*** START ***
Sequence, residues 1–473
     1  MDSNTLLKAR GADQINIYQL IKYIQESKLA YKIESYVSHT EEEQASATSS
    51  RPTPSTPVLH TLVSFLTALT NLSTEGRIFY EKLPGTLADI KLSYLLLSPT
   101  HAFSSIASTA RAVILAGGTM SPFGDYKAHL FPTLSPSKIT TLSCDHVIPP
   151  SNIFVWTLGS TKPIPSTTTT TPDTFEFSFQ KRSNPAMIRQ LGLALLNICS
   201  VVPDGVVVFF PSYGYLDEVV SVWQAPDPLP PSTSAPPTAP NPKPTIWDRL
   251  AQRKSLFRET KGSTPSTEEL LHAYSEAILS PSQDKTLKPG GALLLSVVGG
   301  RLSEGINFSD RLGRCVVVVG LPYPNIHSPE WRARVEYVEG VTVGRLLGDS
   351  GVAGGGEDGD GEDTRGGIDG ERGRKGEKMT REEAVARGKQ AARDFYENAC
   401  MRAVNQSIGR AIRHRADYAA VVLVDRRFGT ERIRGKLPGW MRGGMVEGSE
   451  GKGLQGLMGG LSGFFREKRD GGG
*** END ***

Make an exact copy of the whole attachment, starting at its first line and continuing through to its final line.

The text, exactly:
Sequence, residues 1–473
     1  MDSNTLLKAR GADQINIYQL IKYIQESKLA YKIESYVSHT EEEQASATSS
    51  RPTPSTPVLH TLVSFLTALT NLSTEGRIFY EKLPGTLADI KLSYLLLSPT
   101  HAFSSIASTA RAVILAGGTM SPFGDYKAHL FPTLSPSKIT TLSCDHVIPP
   151  SNIFVWTLGS TKPIPSTTTT TPDTFEFSFQ KRSNPAMIRQ LGLALLNICS
   201  VVPDGVVVFF PSYGYLDEVV SVWQAPDPLP PSTSAPPTAP NPKPTIWDRL
   251  AQRKSLFRET KGSTPSTEEL LHAYSEAILS PSQDKTLKPG GALLLSVVGG
   301  RLSEGINFSD RLGRCVVVVG LPYPNIHSPE WRARVEYVEG VTVGRLLGDS
   351  GVAGGGEDGD GEDTRGGIDG ERGRKGEKMT REEAVARGKQ AARDFYENAC
   401  MRAVNQSIGR AIRHRADYAA VVLVDRRFGT ERIRGKLPGW MRGGMVEGSE
   451  GKGLQGLMGG LSGFFREKRD GGG